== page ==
WHEN TO WORSHIP

Andy Hollifield 5-19-17

1 Samuel 1:25 Now therefore, I pray thee, pardon my sin, and turn again with me, that I may worship the Lord.

1 Chronicles 16:29 Give unto the Lord the glory due unto his name: bring an offering, and come before him: worship the Lord in the beauty of his holiness.

Exodus 34:14 For thou shalt worship no other god: for the Lord, whose name is Jealous, is a jealous God:

Worship————-(1) reverent honor and homage paid to God

I know that I have written recently about true worship but I want to look at when to worship. Worship is obviously important or it wouldn’t have been mention 108 times in 102 verse in the bible. Worship has gotten to be a rare thing in our churches, even more rare in our homes, and not much better in our hearts. We continually clutter our hearts and minds with cares of this life to the point that we can’t enjoy the wonderful things God does for us each day. If we have an unthankful heart, we cannot worship. The definition of worship listed above is complete. It continued further to include any religious person or object but we know that is idol worship so I didn’t include that. What I really want to focus on is something that God has been showing me the last few days and that is when people worship. I began to notice that some people in the bible picked what would seem to be “odd” times to worship. Yet, they had power with God so we should follow their example.

The first time worship is mentioned in the scripture is one of those “odd” times I mentioned earlier. Genesis 22:5 gives the account of Abraham and Isaac were on a journey to a mountain where God had told Abraham to sacrifice Isaac on the altar. No one knew this but Abraham. He made a curious statement to his young men that were with them. He told them “Abide ye here with the ass; and I and the lad will go yonder and worship, and come again to you.” Did you catch that last statement from Abraham? It sounds like he was planning on both of them coming back when they were done. What was “odd” to me was that Abraham knew what he was going to have to do but yet with a heavy heart he went to worship anyway. We would do good to learn from that. If you can pay “reverent honor and homage to God” under those type of circumstances, you can truly worship anytime. Abraham worshipped before his event happened.

Gideon was another one that worshipped before his event, a battle, took place. In Judges chapter 7 we see the details of Gideon’s army of 300 and the recon mission God let him go on with his servant Phurah. He let Gideon go down to the edge of the Midianite camp for the purpose of hearing what the enemy was saying about him and his army. After one man in the camp told his dream to another man and told his interpretation, it encouraged Gideon greatly. So much was he encouraged that he went back to camp and told his army that the Lord had already delivered the Midianites into their hand. But in verse 15, before he even went back to his camp, the bible says he worshipped. Again, before the battle had even taken place Gideon was rejoicing and worshipping.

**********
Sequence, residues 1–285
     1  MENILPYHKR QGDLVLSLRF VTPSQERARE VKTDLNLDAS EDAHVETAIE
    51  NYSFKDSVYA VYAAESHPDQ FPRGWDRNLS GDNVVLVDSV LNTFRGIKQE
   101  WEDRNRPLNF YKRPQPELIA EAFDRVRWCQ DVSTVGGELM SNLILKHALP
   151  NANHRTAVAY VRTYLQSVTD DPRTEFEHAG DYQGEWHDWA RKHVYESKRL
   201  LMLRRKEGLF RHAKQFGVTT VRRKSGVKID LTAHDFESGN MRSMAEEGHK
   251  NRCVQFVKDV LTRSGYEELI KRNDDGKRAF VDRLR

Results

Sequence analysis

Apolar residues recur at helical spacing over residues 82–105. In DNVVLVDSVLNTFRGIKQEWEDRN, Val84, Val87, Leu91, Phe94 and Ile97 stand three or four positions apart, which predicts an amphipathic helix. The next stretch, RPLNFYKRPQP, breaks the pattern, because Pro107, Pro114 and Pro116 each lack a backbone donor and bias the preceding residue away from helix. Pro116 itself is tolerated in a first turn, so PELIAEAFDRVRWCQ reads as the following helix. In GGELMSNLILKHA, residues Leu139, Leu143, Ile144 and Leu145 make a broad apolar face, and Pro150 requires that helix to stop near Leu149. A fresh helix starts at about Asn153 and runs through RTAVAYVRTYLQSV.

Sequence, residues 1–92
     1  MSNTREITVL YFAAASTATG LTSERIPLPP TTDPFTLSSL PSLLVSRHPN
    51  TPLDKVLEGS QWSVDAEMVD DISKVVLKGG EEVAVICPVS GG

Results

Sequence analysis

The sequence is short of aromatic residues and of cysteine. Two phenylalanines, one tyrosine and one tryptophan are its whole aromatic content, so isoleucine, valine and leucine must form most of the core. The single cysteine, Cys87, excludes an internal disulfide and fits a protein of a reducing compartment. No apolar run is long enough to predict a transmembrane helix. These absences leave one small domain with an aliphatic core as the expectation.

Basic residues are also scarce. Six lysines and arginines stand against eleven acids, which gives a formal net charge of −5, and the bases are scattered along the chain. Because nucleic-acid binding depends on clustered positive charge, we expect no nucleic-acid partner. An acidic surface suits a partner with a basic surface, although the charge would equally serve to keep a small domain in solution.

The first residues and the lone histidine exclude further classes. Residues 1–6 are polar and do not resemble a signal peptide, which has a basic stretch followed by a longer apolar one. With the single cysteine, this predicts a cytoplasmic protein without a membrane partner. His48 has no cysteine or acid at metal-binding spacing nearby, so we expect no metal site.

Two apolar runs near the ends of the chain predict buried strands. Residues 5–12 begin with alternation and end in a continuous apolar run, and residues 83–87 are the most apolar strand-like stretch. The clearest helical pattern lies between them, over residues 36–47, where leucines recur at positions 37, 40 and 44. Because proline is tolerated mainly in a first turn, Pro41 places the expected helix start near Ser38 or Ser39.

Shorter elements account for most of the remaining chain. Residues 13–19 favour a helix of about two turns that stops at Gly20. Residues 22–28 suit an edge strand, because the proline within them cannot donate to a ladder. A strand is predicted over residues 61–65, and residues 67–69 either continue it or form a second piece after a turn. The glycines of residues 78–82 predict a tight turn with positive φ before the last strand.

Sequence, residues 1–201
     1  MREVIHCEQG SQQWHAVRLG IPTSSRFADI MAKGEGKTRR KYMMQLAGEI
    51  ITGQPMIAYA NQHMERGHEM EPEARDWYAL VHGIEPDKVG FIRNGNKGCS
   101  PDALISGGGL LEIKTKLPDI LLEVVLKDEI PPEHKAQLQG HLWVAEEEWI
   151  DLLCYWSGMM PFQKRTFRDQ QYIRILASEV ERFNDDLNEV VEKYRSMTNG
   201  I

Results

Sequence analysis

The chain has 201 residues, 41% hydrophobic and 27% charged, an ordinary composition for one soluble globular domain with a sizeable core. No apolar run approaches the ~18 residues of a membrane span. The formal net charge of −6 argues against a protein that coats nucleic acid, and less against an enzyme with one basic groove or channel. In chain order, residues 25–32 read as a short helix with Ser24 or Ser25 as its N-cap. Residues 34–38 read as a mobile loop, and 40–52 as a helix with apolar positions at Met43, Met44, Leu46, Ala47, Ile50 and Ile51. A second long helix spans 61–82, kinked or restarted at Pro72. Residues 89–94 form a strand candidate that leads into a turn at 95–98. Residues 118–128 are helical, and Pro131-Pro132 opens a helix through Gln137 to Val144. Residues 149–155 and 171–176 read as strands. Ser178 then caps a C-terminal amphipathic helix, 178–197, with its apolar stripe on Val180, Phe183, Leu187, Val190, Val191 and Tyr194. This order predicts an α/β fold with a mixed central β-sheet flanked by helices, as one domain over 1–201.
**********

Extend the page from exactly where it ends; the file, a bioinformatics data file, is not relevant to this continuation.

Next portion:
In the book of Job chapter 1:20, after receiving the devastating news about the death of all of his 10 of his kids at one time plus the loss of everything he had acquired in his life. After all of that the bible says he “rent his mantle, and shaved his head, and fell down upon the ground, and worshipped.” After his events, he worshipped. Staring the loss of 10 kids and his fortune in the face, he worshipped. I know I wrote on this earlier this week. But look at it again, all of that tragic news and he still worshipped. You aren’t necessarily worshipping God for the loss you may have suffered but actually for the losses you didn’t suffer. Sometimes if you look at it like that, it helps to handle things better.

Luke 2:20 gives us the account of the shepherds after seeing Jesus. You have to admit that it would be pretty dramatic to see an angel and then a host of angels proclaiming the birth of the Messiah. After the shepherds left the baby, they were telling everyone about the birth. Verse 20 says they “returned glorifying and praising God…” They were worshipping after the fact also.

One last event I want to mention is the disciples in the boat the night Peter walked on the water. In verse 26 it speaks about “they cried out for fear”. Several of these men fished for a living and no doubt were not afraid of just a little wind so it must have been a serious storm. The short version of the story is that after Jesus and Peter got into the boat, the disciples that were in the boat came and worshipped Jesus. It doesn’t say that Peter came and worshipped Jesus but only the ones that were in the boat. It is easy to rejoice and glorify God over someone else’s victory, especially after the storm is over but it is a whole lot harder when you are in the midst of your own storm and you are the one that is in fear of going under.

There are a lot of examples of “odd” times to worship. I just wanted to mention a few to spur your imagination about when we worship. Do we ever worship before the storm comes like Gideon did or when we know our heart is broken and about to get worse like Abraham did? Do we ever rejoice after an event as the shepherds did or do we just say “way to go God” and completely forget it afterwards? Now for the really hard one; in the face of overwhelming tragedy, can we worship like Job did? That is something to think about isn’t it? How much do we really trust God? If we really trust him that much, then why can’t we worship him in some of these situations? Why do we have to wait until the storms over before we worship God? This may not be the most encouraging and it comes with a pretty big load of conviction like it did for me. Have a blessed day in the Lord!!!

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